U.S. District Judge Reed O’Connor, sitting in the U.S. District Court for the Northern District of Texas in Wichita Falls, issued an order on March 26 requiring the U.S. Department of Labor to stay the implementation of a new regulation that changes the definition of “spouse” under the federal Family and Medical Leave Act to include same-sex couple, wherever they reside, who were married in a jurisdiction that allows same-sex marriages. State of Texas v. United States of America, 2015 U.S. Dist. LEXIS 38264. Judge O’Connor’s order was part of a preliminary injunction awarded to the states of Texas, Arkansas, Louisiana and Nebraska, who joined together as co-plaintiffs in a case originally filed by Texas Attorney General Ken Paxton.
It was unclear from the court’s order whether the regulation was stayed in all of its applications, or just as applied to the state government acting as employers. It was also unclear whether it would apply just to the four co-plaintiff states, or to all states that do not presently recognize same-sex marriages.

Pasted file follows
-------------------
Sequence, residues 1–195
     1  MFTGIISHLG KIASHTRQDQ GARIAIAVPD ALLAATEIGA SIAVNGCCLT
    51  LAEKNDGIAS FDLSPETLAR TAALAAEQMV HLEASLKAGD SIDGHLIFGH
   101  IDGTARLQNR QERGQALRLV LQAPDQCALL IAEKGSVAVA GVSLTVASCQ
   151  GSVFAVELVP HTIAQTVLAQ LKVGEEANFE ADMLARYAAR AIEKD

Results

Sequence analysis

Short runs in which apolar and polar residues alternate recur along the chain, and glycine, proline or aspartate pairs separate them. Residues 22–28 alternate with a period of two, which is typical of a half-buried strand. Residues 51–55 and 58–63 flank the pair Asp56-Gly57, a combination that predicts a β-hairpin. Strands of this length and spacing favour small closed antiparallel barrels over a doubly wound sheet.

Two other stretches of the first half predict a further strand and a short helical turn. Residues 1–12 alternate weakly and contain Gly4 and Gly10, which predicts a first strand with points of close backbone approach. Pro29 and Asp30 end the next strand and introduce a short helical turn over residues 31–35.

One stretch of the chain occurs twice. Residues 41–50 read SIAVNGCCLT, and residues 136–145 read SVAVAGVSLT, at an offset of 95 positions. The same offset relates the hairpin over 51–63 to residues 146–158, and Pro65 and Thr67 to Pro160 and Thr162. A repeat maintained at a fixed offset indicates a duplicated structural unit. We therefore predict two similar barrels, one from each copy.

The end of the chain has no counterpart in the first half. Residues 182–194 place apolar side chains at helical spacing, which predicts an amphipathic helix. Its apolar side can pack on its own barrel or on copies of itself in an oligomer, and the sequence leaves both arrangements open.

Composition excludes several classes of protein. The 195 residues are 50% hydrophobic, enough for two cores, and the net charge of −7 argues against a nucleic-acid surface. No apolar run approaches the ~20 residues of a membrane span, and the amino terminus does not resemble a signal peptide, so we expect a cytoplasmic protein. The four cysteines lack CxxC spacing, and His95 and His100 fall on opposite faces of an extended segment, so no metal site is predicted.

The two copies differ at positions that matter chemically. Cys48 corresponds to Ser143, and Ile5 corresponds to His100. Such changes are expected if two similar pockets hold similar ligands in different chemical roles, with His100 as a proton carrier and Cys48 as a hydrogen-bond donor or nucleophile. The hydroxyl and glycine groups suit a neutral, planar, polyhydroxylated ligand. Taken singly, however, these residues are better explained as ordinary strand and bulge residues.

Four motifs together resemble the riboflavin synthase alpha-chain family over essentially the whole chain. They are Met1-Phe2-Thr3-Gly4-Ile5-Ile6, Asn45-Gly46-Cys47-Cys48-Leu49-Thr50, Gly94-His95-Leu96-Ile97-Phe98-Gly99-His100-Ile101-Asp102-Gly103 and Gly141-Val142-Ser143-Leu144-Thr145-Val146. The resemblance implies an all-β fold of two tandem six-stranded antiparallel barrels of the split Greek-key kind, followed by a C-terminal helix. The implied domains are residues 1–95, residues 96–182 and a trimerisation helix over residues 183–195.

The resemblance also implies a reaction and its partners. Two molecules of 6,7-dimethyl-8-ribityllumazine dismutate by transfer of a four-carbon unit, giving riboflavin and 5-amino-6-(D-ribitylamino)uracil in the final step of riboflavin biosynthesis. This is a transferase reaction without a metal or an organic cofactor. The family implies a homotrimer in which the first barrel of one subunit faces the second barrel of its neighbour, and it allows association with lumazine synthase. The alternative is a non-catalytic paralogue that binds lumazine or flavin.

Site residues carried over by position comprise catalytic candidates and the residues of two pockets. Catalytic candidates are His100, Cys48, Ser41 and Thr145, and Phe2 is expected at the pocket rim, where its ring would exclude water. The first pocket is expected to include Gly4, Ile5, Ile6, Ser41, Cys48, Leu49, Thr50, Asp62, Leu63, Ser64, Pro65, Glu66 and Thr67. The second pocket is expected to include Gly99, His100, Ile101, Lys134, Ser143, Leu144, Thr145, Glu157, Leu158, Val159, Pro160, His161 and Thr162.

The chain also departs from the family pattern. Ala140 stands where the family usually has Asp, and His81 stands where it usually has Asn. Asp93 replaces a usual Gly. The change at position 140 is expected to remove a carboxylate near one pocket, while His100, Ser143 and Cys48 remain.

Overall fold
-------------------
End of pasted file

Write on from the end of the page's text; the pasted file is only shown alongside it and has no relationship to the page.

The Family and Medical Leave Act, enacted during the Clinton Administration in 1993, requires employers with 50 or more employees to make unpaid leave available for certain purposes to full-time employees after they have completed a year of service. The FMLA also applies to state governments acting as employers.
Family leave could include time off to take care of a spouse or child with health problems. The statute defined “spouse” as “a husband or wife, as the case may be.” Regulations proposed by the Labor Department in 1993 provided that “spouse” means “a husband or wife as defined or recognized under state law for purposes of marriage in states where it is recognized.” In 1995, the Department published a “final rule” making clear that the law of the state where an employee resides would control for purposes of determining spousal status.
After the Supreme Court struck down Section 3 of the Defense of Marriage Act in 2013, the federal government came under the constitutional obligation to recognize legally-married same-sex couples. However, many states withhold such recognition, and the existing FMLA regulation would thus withhold the federal benefit entitlement from married same-sex couples living in states that did not recognize their marriages.
The Labor Department proposed to solve this problem by issuing a new regulation, changing the definition of “spouse” to include all legally-married same-sex couples, regardless where they live. The proposed regulation was published in the Federal Register, comments were received and studied, and a final rule was published in the Federal Register, to go into effect on March 27.